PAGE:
Wynn Earns High Marks in Massachusetts for Enhanced Sexual Misconduct Policies
Posted on: May 23, 2020, 12:32h.
Last updated on: May 23, 2020, 06:31h.
Wynn Resorts earned a mostly glowing report from the law firm hired by the Massachusetts Gaming Commission (MGC) to evaluate the operator’s efforts and policies to limit sexual misconduct at the Encore Boston Harbor property and throughout the company.
The law firm Miller & Chevalier recently spent close to three hours reviewing a 127-page report with the MGC on its monitoring of Wynn CEO Matt Maddox and his executive team.
Wynn’s commitment is reflected in some of the changes already implemented at the company and in the company’s demonstrated willingness to continue to build upon those changes,” according to the law firm.
Just weeks before the company opened Encore Boston Harbor last June – its first US integrated resort outside of Las Vegas – the MGC delivered a record $35 million fine against Wynn, alleging the company was complicit in covering up sexual misconduct allegations against founder and former Chairman and CEO Steve Wynn.
A $500,000 penalty was levied directly against Maddox, along with the requirements that he and high-ranking executives be monitored by Miller & Chevalier at company expense. Speaking of costs, the year of monitoring resulted in a tab of $830,000, well above the original estimate of $575,000 to $775,000.
Not All About Misconduct
The Miller & Chevalier report, which pertains to a six-month period starting last September, notes Maddox has been “generous with his time and resources,” and says there are noticeable improvements in company policies, including enhanced transparency, to better deal with sexual misconduct issues, should they arise.
Upon agreeing to monitoring program last year, Maddox appeared fine with it, saying that in the gaming business, someone is always watching, whether it’s customers, employees, or regulators.
The Miller & Chevalier monitoring submission wasn’t confined to Wynn’s efforts to prevent sexual harassment issues. It also included financial comments on the health of the Everett, Mass. property, noting that some executives are concerned about the venue’s slow start and the time it’s taking to fully ramp the property up.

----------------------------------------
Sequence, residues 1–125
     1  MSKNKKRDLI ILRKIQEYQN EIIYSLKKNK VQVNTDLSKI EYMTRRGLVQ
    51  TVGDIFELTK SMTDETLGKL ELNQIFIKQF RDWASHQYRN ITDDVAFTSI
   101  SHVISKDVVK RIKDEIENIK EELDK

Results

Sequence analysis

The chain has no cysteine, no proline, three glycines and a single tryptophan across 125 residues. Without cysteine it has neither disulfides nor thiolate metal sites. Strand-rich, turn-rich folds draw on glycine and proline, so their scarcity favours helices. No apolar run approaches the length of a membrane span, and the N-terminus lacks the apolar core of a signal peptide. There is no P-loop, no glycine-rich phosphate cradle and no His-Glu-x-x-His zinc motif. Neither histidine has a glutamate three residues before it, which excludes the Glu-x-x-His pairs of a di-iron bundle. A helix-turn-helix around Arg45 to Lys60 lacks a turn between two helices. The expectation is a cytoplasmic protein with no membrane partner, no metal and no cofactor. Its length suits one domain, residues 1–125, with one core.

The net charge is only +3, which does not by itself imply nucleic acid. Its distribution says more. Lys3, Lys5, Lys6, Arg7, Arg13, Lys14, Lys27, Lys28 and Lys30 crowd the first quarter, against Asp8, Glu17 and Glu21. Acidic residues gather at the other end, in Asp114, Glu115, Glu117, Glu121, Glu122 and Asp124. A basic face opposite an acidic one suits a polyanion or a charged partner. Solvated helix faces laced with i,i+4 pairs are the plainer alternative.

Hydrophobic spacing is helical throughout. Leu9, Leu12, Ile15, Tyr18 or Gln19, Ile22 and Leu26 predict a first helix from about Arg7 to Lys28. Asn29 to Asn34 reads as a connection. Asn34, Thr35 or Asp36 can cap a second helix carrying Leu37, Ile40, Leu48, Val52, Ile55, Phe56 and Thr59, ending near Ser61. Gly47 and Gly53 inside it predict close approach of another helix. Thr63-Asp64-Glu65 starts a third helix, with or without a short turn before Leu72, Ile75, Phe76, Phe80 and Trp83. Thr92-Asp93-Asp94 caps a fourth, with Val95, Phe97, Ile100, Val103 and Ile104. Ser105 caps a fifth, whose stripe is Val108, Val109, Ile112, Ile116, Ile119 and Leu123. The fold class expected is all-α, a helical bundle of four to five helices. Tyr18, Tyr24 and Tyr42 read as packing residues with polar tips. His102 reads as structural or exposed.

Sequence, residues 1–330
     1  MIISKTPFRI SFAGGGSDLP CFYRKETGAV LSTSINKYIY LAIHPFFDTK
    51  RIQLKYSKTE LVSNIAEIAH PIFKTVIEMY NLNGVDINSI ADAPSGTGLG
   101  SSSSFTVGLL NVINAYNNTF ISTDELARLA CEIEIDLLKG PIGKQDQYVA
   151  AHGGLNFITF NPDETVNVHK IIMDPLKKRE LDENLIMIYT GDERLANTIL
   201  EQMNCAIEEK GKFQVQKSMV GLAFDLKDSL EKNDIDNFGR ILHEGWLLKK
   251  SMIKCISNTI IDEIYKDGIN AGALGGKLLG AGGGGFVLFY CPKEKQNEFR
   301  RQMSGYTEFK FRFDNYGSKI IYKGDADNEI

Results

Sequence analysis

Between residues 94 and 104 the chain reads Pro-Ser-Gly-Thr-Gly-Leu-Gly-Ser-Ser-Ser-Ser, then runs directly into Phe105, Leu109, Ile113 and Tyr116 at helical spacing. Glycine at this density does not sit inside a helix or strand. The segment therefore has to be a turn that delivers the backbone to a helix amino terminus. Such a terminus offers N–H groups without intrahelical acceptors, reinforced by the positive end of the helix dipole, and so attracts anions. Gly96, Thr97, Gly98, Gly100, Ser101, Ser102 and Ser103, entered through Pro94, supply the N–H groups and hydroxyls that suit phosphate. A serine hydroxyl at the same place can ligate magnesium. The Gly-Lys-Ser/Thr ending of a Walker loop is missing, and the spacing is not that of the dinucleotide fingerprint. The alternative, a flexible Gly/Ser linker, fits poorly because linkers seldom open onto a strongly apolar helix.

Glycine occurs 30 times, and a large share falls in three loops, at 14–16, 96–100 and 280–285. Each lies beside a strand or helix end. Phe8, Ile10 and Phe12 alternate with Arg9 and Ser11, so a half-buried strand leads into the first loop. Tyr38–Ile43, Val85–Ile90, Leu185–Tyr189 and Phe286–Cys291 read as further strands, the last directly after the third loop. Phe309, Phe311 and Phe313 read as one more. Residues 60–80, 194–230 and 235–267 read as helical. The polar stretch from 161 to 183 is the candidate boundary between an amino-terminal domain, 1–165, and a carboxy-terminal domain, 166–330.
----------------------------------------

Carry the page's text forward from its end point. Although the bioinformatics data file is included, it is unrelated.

Likewise, employees interviewed by the law firm are worried that the operator isn’t supporting Encore Boston Harbor the way it is its two Macau and two Las Vegas integrated resorts.
Maybe Something to Those Concerns
Encore Boston Harbor opened in late June 2019 and quickly became the highest-grossing casino in the Bay State. But it also became apparent that $800 million in first year gross gaming revenue (GGR) – Wynn’s initial forecast – would be difficult to meet.
The property notched just eight full months of business before being shuttered in mid-March by the coronavirus pandemic.
Massachusetts casinos remain closed, and while the MGC is reviewing plans to reopen those venues, the regulator extended the closure period three times. Industry observers are saying Bay State gaming properties will likely be the last to reopen in the US, as MGC isn’t giving a ballpark estimate as to when that will happen.
As part of its plans submitted to the MGC, Wynn said it will eliminate poker and only offer craps in the VIP area of the casino.
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